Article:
Let me combine both rules. The effect of an overflow or an underflow is the same: memory corruption and undefined behaviour. Let's make a simple test with an int array. How long will the following program run?
// overUnderflow.cpp
#include <cstddef>
#include <iostream>
int main(){
int a[0];
int n{};
while (true){
if (!(n % 100)){
std::cout << "a[" << n << "] = " << a[n] << ", a[" << -n << "] = " << a[-n] << "\n";
}
a[n] = n;
a[-n] = -n;
++n;
}
}
Disturbing long. The program writes each 100th array entry to std::cout.
If you want to have a crash you should divide by zero. Diving by zero may be fine in a logical expression.
bool res = false and (1/0);
Because the result of the expression (1/0) is not necessary for the overall result, it will not be evaluated. This technique is called short circuit evaluation and is a special case of lazy evaluation.
Don't use an unsigned type if you want to avoid negative values. The consequences may be serious. The behaviour of arithmetic will change and you are open to errors including signed/unsigned arithmetic.
Here are two examples of the Guidelines, intermixing signed/unsigned arithmetic.
unsigned int u1 = -2; // Valid: the value of u1 is 4294967294
int i1 = -2;
unsigned int u2 = i1; // Valid: the value of u2 is 4294967294
int i2 = u2; // Valid: the value of i2 is -2
unsigned area(unsigned height, unsigned width) { return height*width; }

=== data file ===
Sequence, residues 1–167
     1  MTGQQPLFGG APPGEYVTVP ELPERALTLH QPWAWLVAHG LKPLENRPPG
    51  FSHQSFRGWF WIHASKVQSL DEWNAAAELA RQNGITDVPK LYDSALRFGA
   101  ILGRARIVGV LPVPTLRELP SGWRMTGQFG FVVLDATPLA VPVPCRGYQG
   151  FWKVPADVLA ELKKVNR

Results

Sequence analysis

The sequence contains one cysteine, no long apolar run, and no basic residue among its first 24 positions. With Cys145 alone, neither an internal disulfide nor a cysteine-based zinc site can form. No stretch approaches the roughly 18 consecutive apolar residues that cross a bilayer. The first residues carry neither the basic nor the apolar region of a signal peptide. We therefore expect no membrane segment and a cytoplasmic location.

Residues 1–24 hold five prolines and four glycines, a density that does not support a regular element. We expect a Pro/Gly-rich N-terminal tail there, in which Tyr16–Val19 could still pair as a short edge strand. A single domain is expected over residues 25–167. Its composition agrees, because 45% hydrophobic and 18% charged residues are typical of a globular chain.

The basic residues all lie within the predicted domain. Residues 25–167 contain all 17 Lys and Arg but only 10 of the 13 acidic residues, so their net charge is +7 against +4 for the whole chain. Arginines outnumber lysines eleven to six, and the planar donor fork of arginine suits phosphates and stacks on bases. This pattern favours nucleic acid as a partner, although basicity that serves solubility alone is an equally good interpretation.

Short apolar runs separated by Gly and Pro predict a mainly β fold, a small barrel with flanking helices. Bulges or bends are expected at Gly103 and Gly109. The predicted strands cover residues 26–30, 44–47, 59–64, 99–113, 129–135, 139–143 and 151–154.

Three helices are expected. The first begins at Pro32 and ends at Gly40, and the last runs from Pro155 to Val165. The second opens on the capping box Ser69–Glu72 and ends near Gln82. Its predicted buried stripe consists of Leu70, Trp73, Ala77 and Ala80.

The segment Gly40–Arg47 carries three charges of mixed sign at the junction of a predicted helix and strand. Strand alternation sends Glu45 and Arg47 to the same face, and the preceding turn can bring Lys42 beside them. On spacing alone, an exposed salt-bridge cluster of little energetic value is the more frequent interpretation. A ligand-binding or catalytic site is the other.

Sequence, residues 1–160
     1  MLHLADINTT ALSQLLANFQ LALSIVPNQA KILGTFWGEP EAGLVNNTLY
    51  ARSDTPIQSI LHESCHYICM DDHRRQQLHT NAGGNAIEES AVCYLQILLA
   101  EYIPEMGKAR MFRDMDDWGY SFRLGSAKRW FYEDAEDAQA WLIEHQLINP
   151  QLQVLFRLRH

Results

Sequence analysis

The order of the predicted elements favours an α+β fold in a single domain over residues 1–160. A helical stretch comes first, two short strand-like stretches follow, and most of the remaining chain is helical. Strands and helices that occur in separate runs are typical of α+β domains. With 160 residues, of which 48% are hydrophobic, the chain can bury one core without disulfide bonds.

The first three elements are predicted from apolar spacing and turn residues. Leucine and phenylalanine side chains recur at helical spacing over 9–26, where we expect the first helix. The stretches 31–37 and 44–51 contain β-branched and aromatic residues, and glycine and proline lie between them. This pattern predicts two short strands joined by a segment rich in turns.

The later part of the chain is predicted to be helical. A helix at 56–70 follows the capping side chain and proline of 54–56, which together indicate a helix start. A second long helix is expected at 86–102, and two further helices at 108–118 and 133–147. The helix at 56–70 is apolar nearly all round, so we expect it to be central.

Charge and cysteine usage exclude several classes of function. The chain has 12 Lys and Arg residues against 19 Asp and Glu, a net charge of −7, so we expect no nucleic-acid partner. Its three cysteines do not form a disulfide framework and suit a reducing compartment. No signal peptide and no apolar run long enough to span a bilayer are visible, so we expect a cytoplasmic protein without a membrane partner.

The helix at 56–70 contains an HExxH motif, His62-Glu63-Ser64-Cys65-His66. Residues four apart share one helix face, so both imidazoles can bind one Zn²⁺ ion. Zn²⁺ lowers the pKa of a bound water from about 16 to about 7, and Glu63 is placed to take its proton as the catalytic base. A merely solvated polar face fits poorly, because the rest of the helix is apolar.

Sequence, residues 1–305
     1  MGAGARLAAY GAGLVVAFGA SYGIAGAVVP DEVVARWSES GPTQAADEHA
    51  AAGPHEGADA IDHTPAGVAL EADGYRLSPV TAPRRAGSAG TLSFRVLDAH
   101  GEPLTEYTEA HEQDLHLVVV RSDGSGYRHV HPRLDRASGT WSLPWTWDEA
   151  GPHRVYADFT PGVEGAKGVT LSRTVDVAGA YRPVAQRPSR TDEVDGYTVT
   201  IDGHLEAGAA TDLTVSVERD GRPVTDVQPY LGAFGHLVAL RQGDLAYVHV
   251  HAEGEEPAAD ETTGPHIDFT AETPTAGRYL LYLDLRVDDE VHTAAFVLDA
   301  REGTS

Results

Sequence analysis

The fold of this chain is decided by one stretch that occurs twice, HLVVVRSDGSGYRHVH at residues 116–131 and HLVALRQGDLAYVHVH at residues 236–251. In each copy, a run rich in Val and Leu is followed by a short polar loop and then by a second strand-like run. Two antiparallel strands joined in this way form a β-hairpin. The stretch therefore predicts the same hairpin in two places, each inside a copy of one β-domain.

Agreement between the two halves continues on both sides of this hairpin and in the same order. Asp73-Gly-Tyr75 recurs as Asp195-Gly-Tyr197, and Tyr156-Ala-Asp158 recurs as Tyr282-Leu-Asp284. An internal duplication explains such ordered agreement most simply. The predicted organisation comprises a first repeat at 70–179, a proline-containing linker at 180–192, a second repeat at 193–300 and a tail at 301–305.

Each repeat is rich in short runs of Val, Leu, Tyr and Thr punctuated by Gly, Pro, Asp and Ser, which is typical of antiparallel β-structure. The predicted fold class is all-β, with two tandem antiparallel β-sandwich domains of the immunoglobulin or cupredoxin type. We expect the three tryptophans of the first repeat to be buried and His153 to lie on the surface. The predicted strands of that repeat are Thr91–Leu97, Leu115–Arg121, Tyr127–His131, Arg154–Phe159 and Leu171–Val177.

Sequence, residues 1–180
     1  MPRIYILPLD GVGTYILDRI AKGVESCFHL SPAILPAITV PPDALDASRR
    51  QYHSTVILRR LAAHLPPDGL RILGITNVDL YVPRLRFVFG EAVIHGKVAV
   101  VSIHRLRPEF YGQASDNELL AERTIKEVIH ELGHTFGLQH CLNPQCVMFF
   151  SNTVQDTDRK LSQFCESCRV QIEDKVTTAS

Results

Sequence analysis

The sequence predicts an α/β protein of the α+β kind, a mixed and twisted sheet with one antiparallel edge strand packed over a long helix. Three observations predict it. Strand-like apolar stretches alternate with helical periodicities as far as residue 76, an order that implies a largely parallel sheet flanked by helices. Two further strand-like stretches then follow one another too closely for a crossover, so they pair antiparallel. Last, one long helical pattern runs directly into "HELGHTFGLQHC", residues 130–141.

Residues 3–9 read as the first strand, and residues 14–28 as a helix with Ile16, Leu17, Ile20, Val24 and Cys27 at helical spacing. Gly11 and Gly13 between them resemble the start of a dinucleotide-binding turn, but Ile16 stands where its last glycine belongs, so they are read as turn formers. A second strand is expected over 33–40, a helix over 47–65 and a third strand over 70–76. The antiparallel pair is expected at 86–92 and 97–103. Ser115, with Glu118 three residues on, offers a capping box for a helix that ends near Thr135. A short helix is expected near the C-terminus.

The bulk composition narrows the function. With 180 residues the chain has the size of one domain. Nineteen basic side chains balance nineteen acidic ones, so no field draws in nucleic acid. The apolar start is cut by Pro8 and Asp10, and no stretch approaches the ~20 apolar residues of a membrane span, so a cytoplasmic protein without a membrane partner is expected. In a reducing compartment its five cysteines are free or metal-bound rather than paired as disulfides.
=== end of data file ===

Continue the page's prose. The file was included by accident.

// ...
int height;
cin >> height;
auto a = area(height, 2); // if the input is -2 a becomes 4294967292
As the Guidelines stated there is an interesting relation. When you assign a -1 to an unsigned int, you will become the largest unsigned int.
Now to the more interesting case. The behaviour of arithmetic will differ between signed and unsigned types.
Let's start with a simple program.
// modulo.cpp
#include <cstddef>
#include <iostream>
int main(){
std::cout << std::endl;
unsigned int max{100000};
unsigned short x{0}; // (2)
std::size_t count{0};
while (x < max && count < 20){
std::cout << x << " ";
x += 10000; // (1)
++count;
}
std::cout << "\n\n";
}
The key point of the program is that the successive addition to x in line (1) will not trigger an overflow but a modulo operation if the value range of x ends. The reason is that x is of type unsigned short (2).
// overflow.cpp
#include <cstddef>
#include <iostream>
int main(){
std::cout << std::endl;
int max{100000};
short x{0}; // (2)
std::size_t count{0};
while (x < max && count < 20){
std::cout << x << " ";
x += 10000; // (1)
++count;
}
std::cout << "\n\n";
}
I made a small change to the program modulo.cpp such that x (2) becomes a signed type. The same addition will now trigger an overflow.
I marked the key points with red circles in the screenshot.
Now, I have a burning question: How can I detect an overflow? Quite easy. Replace the erroneous assignment x += 1000; with an expression using curly braces: x = {x + 1000};. The difference is that the compiler checks narrowing conversions and, therefore, detects the overflow. Here is the output from GCC.
Sure the expressions (x += 1000) and (x = {x + 1000}) are from a performance perspective not the same. The second one could create a temporary for x + 1000. But in this case, the optimiser did a great job and both expressions were under the hood the same.
What's next?
I'm nearly done with the arithmetic rules. This means in the next post I will continue my journey with the rules to performance.